Thank goodness there are women on the Supreme Court: That was a common sentiment I heard on cable news Wednesday in the wake of oral arguments at the Supreme Court challenging the Obama administration’s abortion-pill, contraception, and sterilization mandate on the Hobby Lobby arts-and-crafts chain and Conestoga Wood Specialties, a Mennonite cabinetmaker in Pennsylvania. Lori Windham is part of Hobby Lobby’s legal team and senior counsel at the Becket Fund for Religious Liberty. She talks with National Review Online’s Kathryn Jean Lopez about women, religious freedom, Hobby Lobby’s day in Court, and more.
KATHRYN JEAN LOPEZ: Walking away from the Supreme Court on Tuesday, did you see Sebelius v. Hobby Lobby Stores, Inc., as pitting women’s rights against a claim to corporate rights?
LORI WINDHAM: Absolutely not. This case is about the rights of all Americans — women and men — to live out their faith. You don’t give up your religious freedom when you earn a living. Barbara Green didn’t give up her freedom when she and David founded Hobby Lobby.
It’s important to note that Hobby Lobby’s employees are free to make their own decisions about health care and contraception. Hobby Lobby already covers the most popular forms of contraception, and it doesn’t try to stop its employees from using the others. The Greens are not denying rights to anyone; they ask only that their own rights be respected. Our government says that the Greens’ rights disappeared the day they lived the American dream by incorporating their family business. I say that the American dream shouldn’t be off-limits to people living out their faith.
#ad#LOPEZ: There’s been a lot of commentary insisting that it is a good thing there are women on the Court because they were quick to question Paul Clement’s claims on behalf of Hobby Lobby and Conestoga Wood Specialties. What do you make of that?
WINDHAM: I’d say it’s a good thing women like Barbara Green and Elizabeth Hahn keep bringing these cases! Women were represented on both sides of the issues yesterday. It’s insulting to women jurists — not to mention great advocates like Paul Clement — to assume that people must take a particular legal position because of their gender. We’ve seen brilliant arguments against the mandate from women judges, most notably Judge Sykes of the Seventh Circuit, who wrote Korte v. Sebelius, and Judge Brown of the D.C. Circuit, who wrote Gilardi v. HHS. Both of those women ruled against the HHS mandate and understood the critical point in these cases — that Americans do not give up their religious freedom when they earn a living.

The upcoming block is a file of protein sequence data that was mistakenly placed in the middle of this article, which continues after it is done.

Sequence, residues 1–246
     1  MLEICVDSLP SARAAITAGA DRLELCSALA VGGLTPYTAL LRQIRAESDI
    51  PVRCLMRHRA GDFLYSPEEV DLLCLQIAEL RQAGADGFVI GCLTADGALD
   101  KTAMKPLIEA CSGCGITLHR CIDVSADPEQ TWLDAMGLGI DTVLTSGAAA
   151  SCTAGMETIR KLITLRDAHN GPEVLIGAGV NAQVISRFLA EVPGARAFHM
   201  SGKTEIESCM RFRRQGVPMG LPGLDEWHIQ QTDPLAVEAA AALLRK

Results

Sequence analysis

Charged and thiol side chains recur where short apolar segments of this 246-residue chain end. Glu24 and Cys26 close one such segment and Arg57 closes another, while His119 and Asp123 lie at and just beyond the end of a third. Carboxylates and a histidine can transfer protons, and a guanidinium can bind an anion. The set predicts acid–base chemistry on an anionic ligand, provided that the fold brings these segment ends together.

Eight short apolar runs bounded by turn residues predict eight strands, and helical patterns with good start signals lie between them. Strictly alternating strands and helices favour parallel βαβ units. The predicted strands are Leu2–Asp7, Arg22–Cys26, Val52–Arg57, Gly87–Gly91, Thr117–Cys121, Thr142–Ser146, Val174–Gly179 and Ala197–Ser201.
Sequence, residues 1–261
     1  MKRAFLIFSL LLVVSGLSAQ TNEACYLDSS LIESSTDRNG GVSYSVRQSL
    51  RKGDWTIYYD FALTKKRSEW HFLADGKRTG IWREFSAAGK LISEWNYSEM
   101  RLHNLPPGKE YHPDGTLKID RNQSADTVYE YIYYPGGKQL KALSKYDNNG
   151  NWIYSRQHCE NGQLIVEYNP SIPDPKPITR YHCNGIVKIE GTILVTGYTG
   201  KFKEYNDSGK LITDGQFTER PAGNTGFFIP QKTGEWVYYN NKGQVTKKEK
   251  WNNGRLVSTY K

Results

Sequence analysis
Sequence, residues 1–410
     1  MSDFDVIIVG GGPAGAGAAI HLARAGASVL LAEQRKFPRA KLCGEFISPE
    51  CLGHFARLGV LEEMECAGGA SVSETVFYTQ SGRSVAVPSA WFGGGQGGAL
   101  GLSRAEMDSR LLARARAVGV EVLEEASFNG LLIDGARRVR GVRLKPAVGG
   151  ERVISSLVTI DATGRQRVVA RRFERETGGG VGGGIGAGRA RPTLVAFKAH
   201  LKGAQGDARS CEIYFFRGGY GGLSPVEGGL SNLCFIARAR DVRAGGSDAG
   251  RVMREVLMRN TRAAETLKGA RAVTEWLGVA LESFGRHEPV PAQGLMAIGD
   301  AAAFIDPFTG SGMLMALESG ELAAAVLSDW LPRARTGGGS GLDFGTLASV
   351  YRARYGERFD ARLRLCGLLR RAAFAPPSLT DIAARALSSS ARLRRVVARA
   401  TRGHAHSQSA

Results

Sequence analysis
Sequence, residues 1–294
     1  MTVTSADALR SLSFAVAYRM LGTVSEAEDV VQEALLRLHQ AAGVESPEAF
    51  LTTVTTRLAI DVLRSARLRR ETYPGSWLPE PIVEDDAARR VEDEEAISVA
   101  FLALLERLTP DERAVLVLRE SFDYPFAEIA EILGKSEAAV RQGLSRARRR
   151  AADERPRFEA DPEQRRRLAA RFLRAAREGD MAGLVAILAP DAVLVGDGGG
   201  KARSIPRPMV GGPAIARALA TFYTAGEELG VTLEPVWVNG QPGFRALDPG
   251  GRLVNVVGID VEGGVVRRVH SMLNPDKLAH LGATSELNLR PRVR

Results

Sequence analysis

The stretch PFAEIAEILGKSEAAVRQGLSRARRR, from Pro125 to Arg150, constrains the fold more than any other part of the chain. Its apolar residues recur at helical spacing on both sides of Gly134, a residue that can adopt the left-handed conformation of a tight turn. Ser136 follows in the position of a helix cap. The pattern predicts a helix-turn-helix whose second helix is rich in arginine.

LOPEZ: I saw a number of Becket women lawyers coming out of the Court yesterday. Do you have any qualms working on this case? Particularly when people talk in terms of women’s rights and health and freedom being on the line?
WINDHAM: I’m honored to be part of this case. My colleagues at the Becket Fund — women and men — feel the same. I’ve always seen this as a case about freedom from government coercion of religion. Religious freedom is a women’s right, too. As a woman and a mother, I care deeply about whether my own religious practice will be respected, and about what kind of freedoms will be in place for my daughter. I hope the Hobby Lobby ruling will make those freedoms more secure. I was proud to sit in the Court yesterday as part of Hobby Lobby’s team.
LOPEZ: Were you worried about the vaccine comparisons?
WINDHAM: I was not worried about the vaccine comparisons, and nobody else should be, either. The Religious Freedom Restoration Act strikes a balance between religious freedom and other government goals. If the government’s interest is truly compelling, as it likely would be in a vaccine case, then the government can win even under RFRA. Here’s what a unanimous Supreme Court had to say about that kind of hypothetical: “The Government’s argument echoes the classic rejoinder of bureaucrats throughout history: If I make an exception for you, I’ll have to make one for everybody, so no exceptions. But . . . Congress determined that the [RFRA] test ‘is a workable test for striking sensible balances between religious liberty and competing prior governmental interests.’” That’s what the Court said in O Centro, the last time RFRA came before the Court. That precedent ought to control here.
LOPEZ: What do you think is the most likely ruling?
WINDHAM: As we saw with NFIB v. Sebelius, post-argument predictions have a way of going wrong. I’m encouraged by the arguments and hopeful for a good decision. There seemed to be a lot of skepticism of the government’s arguments, particularly its argument that RFRA protects nonprofit corporations but not for-profit corporations. After the emphasis placed on that argument in the briefing, I was surprised to hear so few questions directed to that issue.
LOPEZ: What argument do you hope people trying to understand the case heard Tuesday?
WINDHAM: I hope they understand that this case is about Americans, women and men, living out their faith. Whether you agree or disagree with the Green family about religion, I hope you will agree that the government should not have unfettered authority to strip family-business owners of fundamental freedoms.
— Kathryn Jean Lopez is editor-at-large of National Review Online.